It's hard to get into the plot too much without revealing spoilers (and like I said, the crazy revelations are the best part), but the back cover blurb gives you a pretty good set up. A soldier wakes up on Earth after a year-long mission to Mars goes disastrously wrong. He has only fractured memories of what happened and his commanding officers are desperate for answers he doesn't have. The story alternates back and forth between the main character's time on Mars and what's happening on Earth, as the reader experiences each memory first-hand as the narrator remembers them himself. It's a neat trick and is a wonderful way of slowly unraveling all of the interconnected story threads, as bits of info revealed in each storyline reveals or explains what's happening in the other.

The military aspects of the novel feels real and grounded, despite taking place on Mars, which is obviously due to Larkin's own experiences in the military. His first-hand knowledge really makes the action seem believable, and he provides just enough detail to add to the story without going overboard with the jargon. Likewise with his sci-fi tech - functional and interesting without going into too much minutiae. All of these touches add to the plot, giving the setting an immersive, lived-in feel without bogging it down too much.

All in all I thoroughly enjoyed Big Red and highly recommend it to anyone with even a passing interest in Sci-Fi. A very impressive debut from Damien Larkin and I look forward to future works from the author.

Big Red
By Damien Larkin

Release date - May 14, 2019

Print ISBN 9781939844606
EBook ISBN 9781939844613
Science Fiction - Military/Alien Contact/Alternative History

We have always been here…

Suffering the side effects of Compression travel, soldier Darren Loughlin wakes up screaming from a gunshot wound that isn’t there. Despite a fractured memory, he is forced to recount his year-long tour of duty on Mars to uncover the mysterious fate of Earth’s off-world colonies and the whereabouts of his shattered battalion.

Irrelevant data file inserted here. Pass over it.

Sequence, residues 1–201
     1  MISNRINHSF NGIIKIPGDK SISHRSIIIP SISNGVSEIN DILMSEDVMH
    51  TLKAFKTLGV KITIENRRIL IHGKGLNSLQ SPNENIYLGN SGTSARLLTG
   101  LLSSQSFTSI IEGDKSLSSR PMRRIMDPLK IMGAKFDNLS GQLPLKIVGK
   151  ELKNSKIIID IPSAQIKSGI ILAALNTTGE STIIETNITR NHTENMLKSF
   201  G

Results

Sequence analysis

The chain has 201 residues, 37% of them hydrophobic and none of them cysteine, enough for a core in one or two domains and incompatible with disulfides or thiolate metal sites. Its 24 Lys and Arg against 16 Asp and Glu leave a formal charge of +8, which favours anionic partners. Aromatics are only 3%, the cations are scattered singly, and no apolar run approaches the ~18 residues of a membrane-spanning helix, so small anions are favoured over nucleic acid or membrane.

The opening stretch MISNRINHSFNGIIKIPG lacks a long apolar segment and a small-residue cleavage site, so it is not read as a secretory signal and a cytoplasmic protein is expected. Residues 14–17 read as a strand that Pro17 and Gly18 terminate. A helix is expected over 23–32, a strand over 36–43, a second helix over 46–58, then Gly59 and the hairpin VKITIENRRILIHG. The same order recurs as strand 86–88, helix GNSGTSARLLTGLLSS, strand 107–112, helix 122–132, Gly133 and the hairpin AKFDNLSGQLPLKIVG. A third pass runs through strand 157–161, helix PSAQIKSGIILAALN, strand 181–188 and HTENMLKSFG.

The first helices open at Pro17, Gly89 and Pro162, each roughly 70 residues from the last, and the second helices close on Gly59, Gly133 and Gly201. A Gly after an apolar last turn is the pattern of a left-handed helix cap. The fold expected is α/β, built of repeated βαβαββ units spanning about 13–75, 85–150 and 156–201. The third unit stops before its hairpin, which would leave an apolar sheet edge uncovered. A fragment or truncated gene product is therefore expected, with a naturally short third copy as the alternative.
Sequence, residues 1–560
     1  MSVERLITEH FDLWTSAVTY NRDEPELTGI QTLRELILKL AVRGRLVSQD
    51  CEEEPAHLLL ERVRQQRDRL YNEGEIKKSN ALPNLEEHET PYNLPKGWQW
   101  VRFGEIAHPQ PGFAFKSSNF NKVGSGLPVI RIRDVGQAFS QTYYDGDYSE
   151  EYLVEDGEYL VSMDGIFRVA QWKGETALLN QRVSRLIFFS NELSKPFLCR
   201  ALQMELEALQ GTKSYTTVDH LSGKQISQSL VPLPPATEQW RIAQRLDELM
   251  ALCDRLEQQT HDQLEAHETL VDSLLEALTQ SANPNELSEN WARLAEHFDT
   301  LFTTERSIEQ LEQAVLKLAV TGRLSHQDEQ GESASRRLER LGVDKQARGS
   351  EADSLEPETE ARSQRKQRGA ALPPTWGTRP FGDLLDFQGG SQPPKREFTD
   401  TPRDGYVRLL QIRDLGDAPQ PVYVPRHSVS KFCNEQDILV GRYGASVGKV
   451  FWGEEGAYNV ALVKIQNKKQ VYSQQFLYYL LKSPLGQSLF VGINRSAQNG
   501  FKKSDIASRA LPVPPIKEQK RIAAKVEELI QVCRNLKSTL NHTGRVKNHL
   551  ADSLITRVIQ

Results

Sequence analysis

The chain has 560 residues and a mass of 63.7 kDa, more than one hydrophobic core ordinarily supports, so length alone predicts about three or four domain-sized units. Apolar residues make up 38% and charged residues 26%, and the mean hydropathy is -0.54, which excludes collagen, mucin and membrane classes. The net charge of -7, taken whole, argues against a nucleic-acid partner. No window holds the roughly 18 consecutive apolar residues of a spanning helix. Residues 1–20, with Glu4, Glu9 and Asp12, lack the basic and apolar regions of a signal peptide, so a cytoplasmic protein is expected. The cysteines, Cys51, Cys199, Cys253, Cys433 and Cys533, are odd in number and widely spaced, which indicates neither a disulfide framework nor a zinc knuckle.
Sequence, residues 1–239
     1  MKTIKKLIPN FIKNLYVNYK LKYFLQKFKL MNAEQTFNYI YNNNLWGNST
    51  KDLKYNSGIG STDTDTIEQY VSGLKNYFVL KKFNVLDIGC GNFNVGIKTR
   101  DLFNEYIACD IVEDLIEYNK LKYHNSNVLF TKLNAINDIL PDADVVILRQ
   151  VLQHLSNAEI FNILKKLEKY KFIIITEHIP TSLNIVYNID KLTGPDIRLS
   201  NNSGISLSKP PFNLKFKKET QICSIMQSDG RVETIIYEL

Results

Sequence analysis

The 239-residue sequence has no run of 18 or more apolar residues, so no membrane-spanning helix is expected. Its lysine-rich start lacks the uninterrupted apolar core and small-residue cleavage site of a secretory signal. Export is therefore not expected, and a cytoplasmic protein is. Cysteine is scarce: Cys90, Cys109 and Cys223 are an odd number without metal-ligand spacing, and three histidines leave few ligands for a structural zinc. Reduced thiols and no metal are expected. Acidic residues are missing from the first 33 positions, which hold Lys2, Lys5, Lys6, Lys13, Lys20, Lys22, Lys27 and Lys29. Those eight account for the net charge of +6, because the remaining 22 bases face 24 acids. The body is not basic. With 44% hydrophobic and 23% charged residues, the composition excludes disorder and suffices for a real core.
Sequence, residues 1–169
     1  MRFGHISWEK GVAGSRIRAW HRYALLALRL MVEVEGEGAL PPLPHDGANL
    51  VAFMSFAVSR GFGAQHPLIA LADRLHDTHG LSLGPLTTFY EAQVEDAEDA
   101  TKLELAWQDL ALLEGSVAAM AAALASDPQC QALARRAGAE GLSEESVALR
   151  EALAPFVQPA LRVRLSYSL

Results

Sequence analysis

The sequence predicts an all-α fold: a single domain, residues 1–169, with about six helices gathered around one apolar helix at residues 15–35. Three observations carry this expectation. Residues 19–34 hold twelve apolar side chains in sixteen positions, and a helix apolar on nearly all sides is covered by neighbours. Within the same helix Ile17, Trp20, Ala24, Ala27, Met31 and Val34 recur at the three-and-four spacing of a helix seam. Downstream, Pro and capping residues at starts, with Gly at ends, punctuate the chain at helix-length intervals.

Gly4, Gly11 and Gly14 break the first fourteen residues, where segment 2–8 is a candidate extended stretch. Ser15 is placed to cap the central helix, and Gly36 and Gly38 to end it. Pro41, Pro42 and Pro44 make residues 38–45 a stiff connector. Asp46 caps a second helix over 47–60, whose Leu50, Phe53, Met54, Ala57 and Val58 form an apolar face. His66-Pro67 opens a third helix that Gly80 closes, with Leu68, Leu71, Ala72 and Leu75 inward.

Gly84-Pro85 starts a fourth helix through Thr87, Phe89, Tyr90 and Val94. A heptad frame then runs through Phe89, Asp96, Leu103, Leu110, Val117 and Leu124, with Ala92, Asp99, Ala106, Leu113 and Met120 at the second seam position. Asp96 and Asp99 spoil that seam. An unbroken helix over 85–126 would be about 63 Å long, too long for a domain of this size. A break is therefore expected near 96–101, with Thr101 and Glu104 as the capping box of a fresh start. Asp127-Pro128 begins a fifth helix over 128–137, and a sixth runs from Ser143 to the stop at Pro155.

With time running out, Darren recalls his tour of duty with the Mars Occupation Force in New Berlin colony, their brutal MARSCORP masters, and the vicious war against the hostile alien natives.
But as he exposes the truth, Darren suspects he is at the centre of a plot spanning forty years. He has one last mission to carry out. And his alien enemy may be more human than he is… 

Dancing Lemur Press, L.L.C. is dedicated to bringing outstanding and inspiring science fiction & fantasy, new adult/young adult, mystery, paranormal, middle-grade, non-fiction, Christian, and more to readers!

Wednesday, February 6, 2019

A Lesson a 6-Year-Old Should Be Able to Understand (#IWSG February 2019)

The other day my son was working on a drawing of Sonic the Hedgehog. I thought he was doing a great job, creating an image that is perfectly on the level expected for a 6-year-old. He, on the other hand, was not at all satisfied with it. He complained the nose was not right, the ears were too big, etc. Eventually he started to get frustrated and upset, and started erasing and re-drawing things and was ruining the overall picture.